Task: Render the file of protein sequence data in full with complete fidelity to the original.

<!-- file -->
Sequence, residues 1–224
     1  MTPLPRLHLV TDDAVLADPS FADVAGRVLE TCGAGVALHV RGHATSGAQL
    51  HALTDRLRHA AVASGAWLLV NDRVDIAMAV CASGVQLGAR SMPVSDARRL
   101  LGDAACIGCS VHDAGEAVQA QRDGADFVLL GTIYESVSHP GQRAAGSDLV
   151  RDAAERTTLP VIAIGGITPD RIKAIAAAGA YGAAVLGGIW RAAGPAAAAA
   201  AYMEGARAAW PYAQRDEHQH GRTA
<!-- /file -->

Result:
Sequence, residues 1–224
     1  MTPLPRLHLV TDDAVLADPS FADVAGRVLE TCGAGVALHV RGHATSGAQL
    51  HALTDRLRHA AVASGAWLLV NDRVDIAMAV CASGVQLGAR SMPVSDARRL
   101  LGDAACIGCS VHDAGEAVQA QRDGADFVLL GTIYESVSHP GQRAAGSDLV
   151  RDAAERTTLP VIAIGGITPD RIKAIAAAGA YGAAVLGGIW RAAGPAAAAA
   201  AYMEGARAAW PYAQRDEHQH GRTA